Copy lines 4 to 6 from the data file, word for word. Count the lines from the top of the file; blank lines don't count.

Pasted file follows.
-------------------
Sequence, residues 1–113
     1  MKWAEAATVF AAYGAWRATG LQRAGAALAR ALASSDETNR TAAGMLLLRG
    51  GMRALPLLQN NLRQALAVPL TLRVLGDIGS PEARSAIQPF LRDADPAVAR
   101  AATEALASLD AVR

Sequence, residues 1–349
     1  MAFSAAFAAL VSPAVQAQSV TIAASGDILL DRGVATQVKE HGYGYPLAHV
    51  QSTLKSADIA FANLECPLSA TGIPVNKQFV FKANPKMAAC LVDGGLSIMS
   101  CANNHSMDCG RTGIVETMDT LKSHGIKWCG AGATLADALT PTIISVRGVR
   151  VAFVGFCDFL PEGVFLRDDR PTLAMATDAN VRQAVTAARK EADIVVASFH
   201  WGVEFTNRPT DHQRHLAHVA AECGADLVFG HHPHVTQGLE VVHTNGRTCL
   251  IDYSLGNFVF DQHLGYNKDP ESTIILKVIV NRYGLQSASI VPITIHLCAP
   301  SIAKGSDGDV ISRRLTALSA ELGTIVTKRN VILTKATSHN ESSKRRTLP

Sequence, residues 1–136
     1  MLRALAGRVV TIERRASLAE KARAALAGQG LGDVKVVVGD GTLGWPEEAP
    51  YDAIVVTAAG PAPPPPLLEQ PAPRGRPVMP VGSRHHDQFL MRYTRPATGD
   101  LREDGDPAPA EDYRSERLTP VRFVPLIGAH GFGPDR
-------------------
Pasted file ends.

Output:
   101  AATEALASLD AVR

Sequence, residues 1–349
     1  MAFSAAFAAL VSPAVQAQSV TIAASGDILL DRGVATQVKE HGYGYPLAHV